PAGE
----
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While Windows 8 is ushering in an exciting new model for Windows development called "Metro style apps" that run a new "unified" Windows Runtime (WinRT), it's not necessarily the right choice for all new Windows software development. In fact, there are a lot scenarios where it's not a good choice.


In this over-simplified decision tree, I try to provide some crude logic for how to pick between your platform options. Clearly, there are many nuances not covered in this tree, but I'll work on expanding the "logic" to make it more bullet proof in the coming weeks.

The first decision is the most important, though: Do you need to continue building apps that work in Windows 7?

If your answer to this question is "Yes," Metro style apps and WinRT should not be on your radar. These are Windows 8 only technologies, and there will be no backport layer that will let you run Metro apps on Windows 7.

That means any project that has as a requirement "Support Windows 7 clients," should only be considering WPF, Silverlight, WinForms, and "web" technologies (HTML/JavaScript + their server-side counterparts, like ASP.NET). It's that simple.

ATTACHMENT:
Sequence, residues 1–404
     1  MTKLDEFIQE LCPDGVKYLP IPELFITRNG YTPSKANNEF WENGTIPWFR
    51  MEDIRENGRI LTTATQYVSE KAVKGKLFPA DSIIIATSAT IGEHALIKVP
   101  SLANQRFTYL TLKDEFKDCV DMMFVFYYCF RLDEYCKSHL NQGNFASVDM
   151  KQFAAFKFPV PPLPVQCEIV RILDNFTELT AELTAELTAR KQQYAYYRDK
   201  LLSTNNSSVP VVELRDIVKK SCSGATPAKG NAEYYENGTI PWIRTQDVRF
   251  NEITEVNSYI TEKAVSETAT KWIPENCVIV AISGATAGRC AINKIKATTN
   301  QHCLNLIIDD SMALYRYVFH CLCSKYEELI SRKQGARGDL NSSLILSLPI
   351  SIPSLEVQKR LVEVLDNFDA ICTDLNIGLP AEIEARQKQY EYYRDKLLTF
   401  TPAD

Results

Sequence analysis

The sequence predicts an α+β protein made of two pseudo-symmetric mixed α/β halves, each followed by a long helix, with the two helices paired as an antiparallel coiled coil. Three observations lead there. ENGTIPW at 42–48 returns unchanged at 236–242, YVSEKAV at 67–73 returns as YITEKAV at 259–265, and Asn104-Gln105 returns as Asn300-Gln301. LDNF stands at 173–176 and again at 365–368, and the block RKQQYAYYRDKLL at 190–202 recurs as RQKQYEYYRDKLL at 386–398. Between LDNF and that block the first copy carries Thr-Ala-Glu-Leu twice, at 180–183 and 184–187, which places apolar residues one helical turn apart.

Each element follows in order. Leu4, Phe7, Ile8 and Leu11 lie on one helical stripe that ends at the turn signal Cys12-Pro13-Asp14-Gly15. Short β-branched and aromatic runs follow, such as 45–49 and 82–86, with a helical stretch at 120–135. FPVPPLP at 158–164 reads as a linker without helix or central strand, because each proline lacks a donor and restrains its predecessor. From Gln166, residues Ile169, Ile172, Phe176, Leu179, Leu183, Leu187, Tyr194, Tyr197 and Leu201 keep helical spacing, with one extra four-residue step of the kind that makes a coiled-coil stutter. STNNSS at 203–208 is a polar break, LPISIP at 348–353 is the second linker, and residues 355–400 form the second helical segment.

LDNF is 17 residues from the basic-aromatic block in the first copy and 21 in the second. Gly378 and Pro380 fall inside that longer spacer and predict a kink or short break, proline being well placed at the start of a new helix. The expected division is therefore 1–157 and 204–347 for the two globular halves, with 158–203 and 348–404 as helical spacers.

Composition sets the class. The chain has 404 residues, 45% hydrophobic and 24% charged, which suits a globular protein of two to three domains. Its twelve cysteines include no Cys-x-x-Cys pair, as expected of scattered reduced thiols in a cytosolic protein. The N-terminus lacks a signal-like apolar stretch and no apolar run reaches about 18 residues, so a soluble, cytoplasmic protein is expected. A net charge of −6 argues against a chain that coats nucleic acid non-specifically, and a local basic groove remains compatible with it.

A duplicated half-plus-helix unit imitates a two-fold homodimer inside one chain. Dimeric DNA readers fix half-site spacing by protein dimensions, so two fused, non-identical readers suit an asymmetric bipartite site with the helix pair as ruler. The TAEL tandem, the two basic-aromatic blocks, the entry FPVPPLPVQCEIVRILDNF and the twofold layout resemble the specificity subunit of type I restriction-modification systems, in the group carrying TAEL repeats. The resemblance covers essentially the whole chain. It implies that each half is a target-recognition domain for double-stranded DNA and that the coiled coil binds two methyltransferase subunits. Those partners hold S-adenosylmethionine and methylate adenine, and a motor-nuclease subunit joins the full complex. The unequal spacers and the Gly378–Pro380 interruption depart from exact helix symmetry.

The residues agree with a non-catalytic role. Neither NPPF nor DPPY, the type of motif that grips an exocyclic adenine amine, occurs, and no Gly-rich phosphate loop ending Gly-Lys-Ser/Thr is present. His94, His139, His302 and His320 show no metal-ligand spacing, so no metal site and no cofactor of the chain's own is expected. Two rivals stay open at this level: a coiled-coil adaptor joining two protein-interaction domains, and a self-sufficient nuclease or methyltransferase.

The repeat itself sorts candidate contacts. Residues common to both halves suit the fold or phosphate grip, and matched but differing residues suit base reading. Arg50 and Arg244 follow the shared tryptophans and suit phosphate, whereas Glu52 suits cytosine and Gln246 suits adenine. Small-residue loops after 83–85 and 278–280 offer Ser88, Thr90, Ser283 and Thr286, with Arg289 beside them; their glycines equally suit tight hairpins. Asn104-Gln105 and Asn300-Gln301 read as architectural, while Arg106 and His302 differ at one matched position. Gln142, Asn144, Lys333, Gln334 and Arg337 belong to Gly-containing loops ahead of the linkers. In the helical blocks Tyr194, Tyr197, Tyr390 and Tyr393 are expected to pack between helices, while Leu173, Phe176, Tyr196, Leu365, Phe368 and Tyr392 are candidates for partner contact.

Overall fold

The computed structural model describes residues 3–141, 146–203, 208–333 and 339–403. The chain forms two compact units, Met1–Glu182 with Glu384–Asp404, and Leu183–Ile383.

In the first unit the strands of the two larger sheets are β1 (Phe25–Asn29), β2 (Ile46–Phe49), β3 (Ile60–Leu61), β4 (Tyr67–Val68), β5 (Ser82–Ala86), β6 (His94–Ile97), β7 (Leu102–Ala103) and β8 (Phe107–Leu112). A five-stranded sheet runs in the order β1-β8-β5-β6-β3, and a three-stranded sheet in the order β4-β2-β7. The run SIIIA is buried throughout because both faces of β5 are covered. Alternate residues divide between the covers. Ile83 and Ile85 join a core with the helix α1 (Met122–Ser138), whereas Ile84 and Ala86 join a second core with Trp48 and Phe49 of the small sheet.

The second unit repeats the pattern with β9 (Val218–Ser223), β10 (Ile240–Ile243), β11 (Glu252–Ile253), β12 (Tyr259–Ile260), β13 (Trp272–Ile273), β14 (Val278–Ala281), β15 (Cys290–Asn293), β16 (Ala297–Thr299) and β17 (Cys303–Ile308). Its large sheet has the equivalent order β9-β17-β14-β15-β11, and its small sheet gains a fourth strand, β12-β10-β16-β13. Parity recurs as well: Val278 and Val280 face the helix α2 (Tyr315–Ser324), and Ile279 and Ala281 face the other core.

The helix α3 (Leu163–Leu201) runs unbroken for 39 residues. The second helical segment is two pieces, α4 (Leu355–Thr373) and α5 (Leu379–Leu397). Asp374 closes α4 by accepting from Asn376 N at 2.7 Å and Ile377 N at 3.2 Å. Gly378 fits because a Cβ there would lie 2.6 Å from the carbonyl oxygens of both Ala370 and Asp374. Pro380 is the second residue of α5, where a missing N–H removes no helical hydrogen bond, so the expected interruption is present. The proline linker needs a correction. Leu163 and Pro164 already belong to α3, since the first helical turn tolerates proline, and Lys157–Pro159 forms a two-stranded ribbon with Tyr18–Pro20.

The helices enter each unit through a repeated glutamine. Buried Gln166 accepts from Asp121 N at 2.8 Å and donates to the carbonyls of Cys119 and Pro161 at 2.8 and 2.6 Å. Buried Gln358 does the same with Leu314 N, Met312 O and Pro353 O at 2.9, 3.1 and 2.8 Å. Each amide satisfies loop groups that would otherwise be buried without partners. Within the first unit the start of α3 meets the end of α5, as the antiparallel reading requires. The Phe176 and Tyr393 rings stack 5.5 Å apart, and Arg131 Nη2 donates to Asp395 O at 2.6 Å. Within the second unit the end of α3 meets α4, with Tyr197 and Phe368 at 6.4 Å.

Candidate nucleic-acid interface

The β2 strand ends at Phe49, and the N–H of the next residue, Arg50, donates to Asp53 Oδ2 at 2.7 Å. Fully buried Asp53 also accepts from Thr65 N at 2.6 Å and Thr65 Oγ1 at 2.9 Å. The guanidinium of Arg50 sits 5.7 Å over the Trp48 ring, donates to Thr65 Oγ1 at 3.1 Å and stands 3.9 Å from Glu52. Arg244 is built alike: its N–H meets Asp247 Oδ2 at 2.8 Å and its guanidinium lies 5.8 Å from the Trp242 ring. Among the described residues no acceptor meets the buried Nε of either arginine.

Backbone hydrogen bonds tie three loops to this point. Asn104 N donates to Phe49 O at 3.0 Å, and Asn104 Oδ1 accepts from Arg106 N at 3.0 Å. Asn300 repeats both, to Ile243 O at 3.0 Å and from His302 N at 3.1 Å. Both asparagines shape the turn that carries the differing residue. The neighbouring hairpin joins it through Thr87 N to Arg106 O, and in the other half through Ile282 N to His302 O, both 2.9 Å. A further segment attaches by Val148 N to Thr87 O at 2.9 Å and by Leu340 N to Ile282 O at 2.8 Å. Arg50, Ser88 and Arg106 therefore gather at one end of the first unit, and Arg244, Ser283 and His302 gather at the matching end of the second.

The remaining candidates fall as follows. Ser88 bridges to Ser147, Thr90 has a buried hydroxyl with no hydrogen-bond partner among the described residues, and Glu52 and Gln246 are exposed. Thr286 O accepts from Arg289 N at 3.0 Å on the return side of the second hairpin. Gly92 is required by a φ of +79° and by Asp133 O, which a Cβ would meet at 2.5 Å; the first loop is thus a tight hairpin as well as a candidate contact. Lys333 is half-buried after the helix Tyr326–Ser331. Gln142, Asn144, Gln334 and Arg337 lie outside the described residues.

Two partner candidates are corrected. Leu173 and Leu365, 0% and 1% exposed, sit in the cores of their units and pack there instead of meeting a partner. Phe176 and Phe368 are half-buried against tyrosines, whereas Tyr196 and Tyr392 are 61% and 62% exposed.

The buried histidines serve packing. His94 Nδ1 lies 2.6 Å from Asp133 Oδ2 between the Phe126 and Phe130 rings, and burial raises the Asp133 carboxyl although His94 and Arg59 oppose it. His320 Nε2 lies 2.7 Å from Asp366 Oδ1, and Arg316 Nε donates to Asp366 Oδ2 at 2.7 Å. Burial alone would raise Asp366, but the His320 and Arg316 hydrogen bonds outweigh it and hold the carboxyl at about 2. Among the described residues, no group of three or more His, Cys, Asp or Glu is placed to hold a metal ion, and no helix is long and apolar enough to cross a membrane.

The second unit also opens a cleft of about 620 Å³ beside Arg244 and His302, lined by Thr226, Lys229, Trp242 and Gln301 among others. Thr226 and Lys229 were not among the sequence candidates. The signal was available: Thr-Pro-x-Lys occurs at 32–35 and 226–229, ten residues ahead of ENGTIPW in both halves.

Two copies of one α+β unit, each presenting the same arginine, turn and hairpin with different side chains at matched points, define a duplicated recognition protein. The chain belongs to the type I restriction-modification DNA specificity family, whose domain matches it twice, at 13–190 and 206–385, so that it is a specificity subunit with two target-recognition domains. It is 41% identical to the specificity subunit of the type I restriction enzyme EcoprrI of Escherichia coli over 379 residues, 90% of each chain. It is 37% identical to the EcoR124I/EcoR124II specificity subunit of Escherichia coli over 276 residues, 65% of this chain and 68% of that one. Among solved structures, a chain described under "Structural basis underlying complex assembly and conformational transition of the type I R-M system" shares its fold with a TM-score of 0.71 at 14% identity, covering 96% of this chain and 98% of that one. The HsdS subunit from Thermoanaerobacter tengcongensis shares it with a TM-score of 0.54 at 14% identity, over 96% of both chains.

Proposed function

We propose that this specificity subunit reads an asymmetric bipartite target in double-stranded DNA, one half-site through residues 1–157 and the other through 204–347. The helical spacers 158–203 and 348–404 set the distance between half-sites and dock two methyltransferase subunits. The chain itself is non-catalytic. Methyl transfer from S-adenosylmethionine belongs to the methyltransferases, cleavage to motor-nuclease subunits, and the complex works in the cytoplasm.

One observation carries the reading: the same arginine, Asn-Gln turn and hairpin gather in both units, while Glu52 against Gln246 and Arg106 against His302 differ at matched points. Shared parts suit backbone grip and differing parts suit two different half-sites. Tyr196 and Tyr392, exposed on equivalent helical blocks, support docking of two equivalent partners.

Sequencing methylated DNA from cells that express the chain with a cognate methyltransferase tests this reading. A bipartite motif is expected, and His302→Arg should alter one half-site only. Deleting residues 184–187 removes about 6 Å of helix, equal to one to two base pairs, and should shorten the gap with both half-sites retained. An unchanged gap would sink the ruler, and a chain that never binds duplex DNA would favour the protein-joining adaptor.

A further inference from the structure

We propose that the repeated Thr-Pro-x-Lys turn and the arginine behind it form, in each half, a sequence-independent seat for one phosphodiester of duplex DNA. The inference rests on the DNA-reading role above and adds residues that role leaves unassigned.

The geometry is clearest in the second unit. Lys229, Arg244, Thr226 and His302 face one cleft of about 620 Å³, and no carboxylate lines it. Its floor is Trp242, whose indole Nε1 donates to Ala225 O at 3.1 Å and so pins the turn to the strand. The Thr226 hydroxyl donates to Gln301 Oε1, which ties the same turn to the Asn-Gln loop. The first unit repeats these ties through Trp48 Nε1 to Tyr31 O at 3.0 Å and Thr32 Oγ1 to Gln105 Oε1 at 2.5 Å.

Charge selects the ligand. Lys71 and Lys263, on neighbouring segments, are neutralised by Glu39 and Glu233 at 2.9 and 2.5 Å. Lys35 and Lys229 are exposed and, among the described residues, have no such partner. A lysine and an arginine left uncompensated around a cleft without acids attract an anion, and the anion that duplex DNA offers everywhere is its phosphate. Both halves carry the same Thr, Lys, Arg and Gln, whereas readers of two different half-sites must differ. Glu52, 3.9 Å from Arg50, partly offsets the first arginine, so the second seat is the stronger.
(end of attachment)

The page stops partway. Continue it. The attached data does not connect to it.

IF, however, you want to put apps on the Windows Tablets that will start shipping late next year, and IF you accept that these apps will only run in that Windows 8 Metro environment, then you should start digging-in to and learning WinRT.

For everyone else, don't lose sight of reality. And reality in a Windows 7 world (that will still work in a Windows 8 world) means Silverlight, WPF, and HTML5. (And, of course, Telerik is already armed with all of the tools you need for today's reality, and we're preparing tools for tomorrow's Metro option.)

ToddAnglin_164
About the Author

Todd Anglin

Todd Anglin is Vice President of Product at Progress. Todd is responsible for leading the teams at Progress focused on NativeScript, a modern cross-platform solution for building native mobile apps with JavaScript. Todd is an author and frequent speaker on web and mobile app development. Follow Todd @toddanglin for his latest writings and industry insights.

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